When I last posted on Blogging Book Topics, I discussed the Jason Matthews book Red Sparrow (DB 77102). Matthews has written another book featuring Dominika Egorova and Nate Nash called Palace of Treason (DB 82825). This sequel features Dominika, the so-called Red Sparrow, working for the CIA. If you like what I’ll generically call “spy stuff” check out the following books, too. Some are true, some have local Pennsylvania connections, but all are full of the intrigue and suspense that the best books on spy craft contain! Remember, loose lips sink ships.
The Horseshoe Curve: Sabotage and Subversion in the Railroad City
Dennis P McIlnay
During World War II, Adolf Hitler conceived a plot to cripple the American war machine by destroying the Horseshoe Curve near Altoona, Pennsylvania. In July 1942, the FBI searched the homes of 225 Altoona residents, suspecting them to be Nazi sympathizers. The author describes these little-known events using information from 300 sources, including diaries, military records, court briefs, and FBI files. Some violence and some strong language. 2007.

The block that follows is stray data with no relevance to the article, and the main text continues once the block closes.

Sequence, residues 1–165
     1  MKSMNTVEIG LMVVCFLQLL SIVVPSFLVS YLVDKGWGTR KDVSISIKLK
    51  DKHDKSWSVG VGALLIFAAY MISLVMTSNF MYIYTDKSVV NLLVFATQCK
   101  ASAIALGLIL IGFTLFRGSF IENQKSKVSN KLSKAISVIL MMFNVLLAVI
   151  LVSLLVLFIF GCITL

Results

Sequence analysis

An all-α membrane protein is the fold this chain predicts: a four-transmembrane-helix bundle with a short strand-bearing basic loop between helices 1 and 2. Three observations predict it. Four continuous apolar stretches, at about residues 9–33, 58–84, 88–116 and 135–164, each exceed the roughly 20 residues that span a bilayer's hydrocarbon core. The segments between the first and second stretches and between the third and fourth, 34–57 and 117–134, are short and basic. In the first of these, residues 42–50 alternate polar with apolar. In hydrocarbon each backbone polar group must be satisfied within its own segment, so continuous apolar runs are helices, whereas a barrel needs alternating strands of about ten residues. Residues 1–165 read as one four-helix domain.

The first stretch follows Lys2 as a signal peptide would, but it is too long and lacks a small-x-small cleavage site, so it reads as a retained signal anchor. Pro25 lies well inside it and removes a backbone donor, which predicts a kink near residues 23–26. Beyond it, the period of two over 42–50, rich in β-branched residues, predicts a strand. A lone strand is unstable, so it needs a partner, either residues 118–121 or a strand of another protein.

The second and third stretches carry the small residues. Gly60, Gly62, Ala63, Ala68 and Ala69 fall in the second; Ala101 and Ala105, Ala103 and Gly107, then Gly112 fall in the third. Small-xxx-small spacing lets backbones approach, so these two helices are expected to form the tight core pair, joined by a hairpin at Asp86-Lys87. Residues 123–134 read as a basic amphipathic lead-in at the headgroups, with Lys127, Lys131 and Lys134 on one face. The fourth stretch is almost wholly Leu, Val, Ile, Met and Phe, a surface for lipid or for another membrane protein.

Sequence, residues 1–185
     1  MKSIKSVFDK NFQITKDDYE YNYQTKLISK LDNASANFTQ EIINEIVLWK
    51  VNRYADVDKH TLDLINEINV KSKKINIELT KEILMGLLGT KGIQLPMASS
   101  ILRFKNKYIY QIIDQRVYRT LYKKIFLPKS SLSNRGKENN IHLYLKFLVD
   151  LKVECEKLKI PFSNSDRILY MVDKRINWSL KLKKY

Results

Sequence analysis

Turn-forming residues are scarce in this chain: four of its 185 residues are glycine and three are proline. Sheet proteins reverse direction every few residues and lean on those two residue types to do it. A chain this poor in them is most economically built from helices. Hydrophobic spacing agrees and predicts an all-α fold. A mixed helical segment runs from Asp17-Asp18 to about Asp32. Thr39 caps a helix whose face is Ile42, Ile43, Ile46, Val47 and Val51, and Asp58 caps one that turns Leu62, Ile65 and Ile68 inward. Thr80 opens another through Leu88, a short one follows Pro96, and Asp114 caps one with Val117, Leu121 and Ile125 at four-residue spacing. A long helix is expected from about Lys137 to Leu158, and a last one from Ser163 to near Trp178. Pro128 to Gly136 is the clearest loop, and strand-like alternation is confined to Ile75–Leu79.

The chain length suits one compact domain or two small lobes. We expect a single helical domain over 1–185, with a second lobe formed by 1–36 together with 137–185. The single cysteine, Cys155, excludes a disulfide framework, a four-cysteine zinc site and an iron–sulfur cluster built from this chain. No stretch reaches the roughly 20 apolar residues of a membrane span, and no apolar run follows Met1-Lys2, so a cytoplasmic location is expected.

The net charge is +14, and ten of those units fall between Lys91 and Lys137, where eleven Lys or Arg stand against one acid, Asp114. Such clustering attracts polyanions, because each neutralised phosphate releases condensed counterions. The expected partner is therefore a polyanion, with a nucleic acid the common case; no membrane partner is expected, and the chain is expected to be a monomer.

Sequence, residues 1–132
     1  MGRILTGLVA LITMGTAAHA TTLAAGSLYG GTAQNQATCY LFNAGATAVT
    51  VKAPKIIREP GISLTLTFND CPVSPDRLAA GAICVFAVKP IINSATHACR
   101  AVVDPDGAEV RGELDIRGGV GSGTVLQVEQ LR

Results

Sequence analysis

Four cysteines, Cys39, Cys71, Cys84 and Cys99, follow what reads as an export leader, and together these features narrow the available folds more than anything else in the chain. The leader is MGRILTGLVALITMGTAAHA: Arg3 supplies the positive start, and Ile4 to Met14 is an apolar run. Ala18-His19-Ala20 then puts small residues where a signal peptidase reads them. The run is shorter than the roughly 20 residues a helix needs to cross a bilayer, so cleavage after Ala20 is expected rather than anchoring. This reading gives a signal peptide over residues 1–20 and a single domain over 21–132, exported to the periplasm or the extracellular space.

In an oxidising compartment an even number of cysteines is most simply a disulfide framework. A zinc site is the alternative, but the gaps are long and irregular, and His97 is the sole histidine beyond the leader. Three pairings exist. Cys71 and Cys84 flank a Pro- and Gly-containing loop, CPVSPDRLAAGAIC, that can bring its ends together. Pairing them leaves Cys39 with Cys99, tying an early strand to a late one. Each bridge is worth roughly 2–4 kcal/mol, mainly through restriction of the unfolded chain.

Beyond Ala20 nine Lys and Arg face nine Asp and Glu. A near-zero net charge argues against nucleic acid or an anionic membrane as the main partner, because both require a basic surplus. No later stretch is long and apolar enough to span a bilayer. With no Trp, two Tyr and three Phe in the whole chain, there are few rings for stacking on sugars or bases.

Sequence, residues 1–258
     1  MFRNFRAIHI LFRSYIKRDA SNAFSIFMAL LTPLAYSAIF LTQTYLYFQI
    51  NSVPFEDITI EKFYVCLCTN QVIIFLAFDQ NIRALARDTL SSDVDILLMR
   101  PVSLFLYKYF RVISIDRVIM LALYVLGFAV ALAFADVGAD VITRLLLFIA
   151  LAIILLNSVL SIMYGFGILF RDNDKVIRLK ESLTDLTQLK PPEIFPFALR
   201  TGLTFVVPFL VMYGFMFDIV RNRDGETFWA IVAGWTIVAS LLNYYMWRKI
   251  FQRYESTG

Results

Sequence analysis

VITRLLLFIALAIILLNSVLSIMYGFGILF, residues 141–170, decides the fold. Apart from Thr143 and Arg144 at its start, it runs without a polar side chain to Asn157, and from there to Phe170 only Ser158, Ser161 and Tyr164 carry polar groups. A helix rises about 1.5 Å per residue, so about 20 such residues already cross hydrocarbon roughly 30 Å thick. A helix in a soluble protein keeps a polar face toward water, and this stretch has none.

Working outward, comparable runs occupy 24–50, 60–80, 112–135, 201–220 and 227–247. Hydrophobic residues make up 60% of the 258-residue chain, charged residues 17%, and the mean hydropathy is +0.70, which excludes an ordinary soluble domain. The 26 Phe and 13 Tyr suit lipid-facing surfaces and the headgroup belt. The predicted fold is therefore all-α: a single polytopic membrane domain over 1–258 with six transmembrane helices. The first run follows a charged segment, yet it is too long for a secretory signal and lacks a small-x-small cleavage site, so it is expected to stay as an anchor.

Spycraft: The Secret History of the CIA’s Spytechs from Communism to Al-Qaeda
Wallace, former director of the CIA’s Office of Technical Service, and Melton, an expert on clandestine devices, survey spy gadgets from World War II to the War on Terror. Describes cameras, microphones, disguises, and encryption systems; their use in the field; and transition into the digital age. 2008.
A Spy Among Friends: Kim Philby and the Great Betrayal
By Men MacIntyre
Personal papers and never-before-seen British intelligence files are used to describe the treason committed by twentieth-century spy Kim Philby, who rose to head Britain’s counterintelligence against the Soviet Union during the height of the Cold War while secretly working for the enemy. Unrated. Commercial audiobook. 2014.